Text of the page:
Just a few drinks will damage the brain, research shows
Even moderate drinking is bad for your brain, according to a new study that calls into question current Irish guidelines for consuming alcohol.
Alcohol consumption, even at moderate levels, is associated with increased risk of adverse brain outcomes and a steeper decline in mental skills, the research published in the medical journal BMJ finds.
The results suggest Irish drinking limits, which define moderate drinking as under 17 standard drinks a week for men, may be pitched too high.
Heavy drinking is known to be associated with poor brain health, but up to now findings from studies looking at the impact of moderate drinking have been inconsistent.
The 30-year study tracked 550 civil servants, with brain imaging used to explore links between drinking and brain health. Those drinking between 14 and 21 units of alcohol a week – six to nine medium glasses of wine – were three times more likely than teetotallers to suffer hippocampal atrophy.
Such shrinkage – a form of brain damage that affects memory and spatial navigation – can precede symptoms of dementia.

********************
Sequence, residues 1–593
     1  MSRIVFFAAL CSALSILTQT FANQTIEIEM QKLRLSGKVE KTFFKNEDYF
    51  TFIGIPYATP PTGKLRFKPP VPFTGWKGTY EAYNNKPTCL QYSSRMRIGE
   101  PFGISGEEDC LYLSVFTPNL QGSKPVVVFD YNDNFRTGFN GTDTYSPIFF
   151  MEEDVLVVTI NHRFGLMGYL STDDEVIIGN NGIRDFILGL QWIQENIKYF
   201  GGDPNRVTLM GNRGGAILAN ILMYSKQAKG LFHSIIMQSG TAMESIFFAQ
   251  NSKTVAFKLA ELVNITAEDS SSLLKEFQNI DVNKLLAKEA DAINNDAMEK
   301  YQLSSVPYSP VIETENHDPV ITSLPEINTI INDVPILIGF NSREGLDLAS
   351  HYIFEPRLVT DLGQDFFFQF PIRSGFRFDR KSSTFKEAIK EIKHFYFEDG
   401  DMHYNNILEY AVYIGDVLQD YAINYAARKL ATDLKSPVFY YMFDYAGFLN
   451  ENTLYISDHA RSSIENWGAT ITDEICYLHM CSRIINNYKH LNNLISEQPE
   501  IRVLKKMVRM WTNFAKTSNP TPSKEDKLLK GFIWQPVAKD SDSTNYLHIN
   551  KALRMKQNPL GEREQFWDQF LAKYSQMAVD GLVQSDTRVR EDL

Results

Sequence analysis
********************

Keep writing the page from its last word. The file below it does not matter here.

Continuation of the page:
Participants who drank less, between seven and 14 units (three to six glasses weekly), had twice the risk of those who never drank alcohol, the research in the ‘British Medical Journal’ found. Even those drinking less than seven units of alcohol a week had an increased risk of damage.
Alcohol intake was also linked to a faster decline in language fluency – how many words beginning with a specific letter can be generated in one minute – and with poorer white matter integrity, required for efficient cognitive functioning. Greatest risks were among the heaviest drinkers. Those consuming more than 30 units of alcohol saw an almost six-fold rise in their risk.
Researchers used data on weekly alcohol intake and cognitive performance measured repeatedly between 1985 and 2015 for 550 men and women.